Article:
Monday, March 23, 2020

The skills that are in high demand are those most difficult to teach online

Global pandemic planning has led to emphasis on online learning to ensure that students can continue to learn and finish the current term. But maker skills, which are now more than ever in demand, are the most difficult to teach online. This conundrum underlies the transition to a new, social-distancing normal.

The current crisis has amplified a downside of globalization: the interconnectivity of market production has for the past several decades led to the hollowing out of manufacturing capability. Since the early years of the last decade there have been calls for and moves toward a reshoring of manufacturing--largely a result of a lack of jobs and the social risks of insufficient employment for large swathes of the population. This in turn has led to a commensurate focus on the skills and competencies associated with being able to build and make things. And herein lies the main irony of where we are in education: the skills that are in high demand are those most difficult to teach online.

As the global community starts to grasp the magnitude of the challenges we are collectively facing those of us in universities and colleges are starting to plan for unknown event horizons, including when to restart in-person instruction. While it is not feasible to think that whole societies can remain in socially distant quasi-isolation indefinitely, we are witnessing a wholesale move towards more online, distributed, or flexible teaching and learning. This means thinking through how we can translate educational outcomes adapted for distributed teaching and learning. It also means figuring how we might prioritize programming to account for and accommodate those whose programs have been disrupted. We'll need to work out the best means to stage online back into in-person engagements, and to adapt in situ learning to the inevitable new guidelines or rules around social distancing.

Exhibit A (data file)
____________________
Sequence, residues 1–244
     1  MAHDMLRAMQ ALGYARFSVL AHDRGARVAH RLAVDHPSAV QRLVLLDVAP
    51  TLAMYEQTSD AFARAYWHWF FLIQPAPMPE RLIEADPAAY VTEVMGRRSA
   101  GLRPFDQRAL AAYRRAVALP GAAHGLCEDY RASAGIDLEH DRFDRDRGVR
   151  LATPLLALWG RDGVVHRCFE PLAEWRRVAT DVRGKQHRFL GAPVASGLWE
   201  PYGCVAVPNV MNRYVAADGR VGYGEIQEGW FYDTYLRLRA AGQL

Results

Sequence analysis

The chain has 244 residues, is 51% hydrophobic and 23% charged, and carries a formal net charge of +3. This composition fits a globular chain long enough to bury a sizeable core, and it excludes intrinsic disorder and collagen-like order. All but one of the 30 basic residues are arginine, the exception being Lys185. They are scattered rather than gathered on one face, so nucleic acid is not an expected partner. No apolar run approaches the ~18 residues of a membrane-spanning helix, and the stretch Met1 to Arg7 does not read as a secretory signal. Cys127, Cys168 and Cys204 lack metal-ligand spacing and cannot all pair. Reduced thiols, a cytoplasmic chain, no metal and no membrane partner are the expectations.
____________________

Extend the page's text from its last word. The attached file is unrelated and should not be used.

Throughout this it occurs to me that those same goals of globalization--of distributing the means of production to lower cost regions--has led to precisely some of the problems we face in online education. Everything from engineering to design to health care will have to adapt in the short term, which may lead to positive changes over the long term. Now is the time to focus on how effective pedagogy can drive the use of any technology, and to heed the decades of research into teaching and learning, particularly as mediated through technologies like the Internet.

1 comment:

  1. There are plenty of lessons that can be better taught asynchronously on-line (e.g. learning the vocabulary of introductory business), where students can learn at their own paces on their own schedules. Doing so effectively and flipping our classrooms could give us more time for higher level interactions with our students when they are in class.

    "A crisis is a terrible thing to waste." Let's re-engineer to take full advantage of technology to make education more efficient and more effective.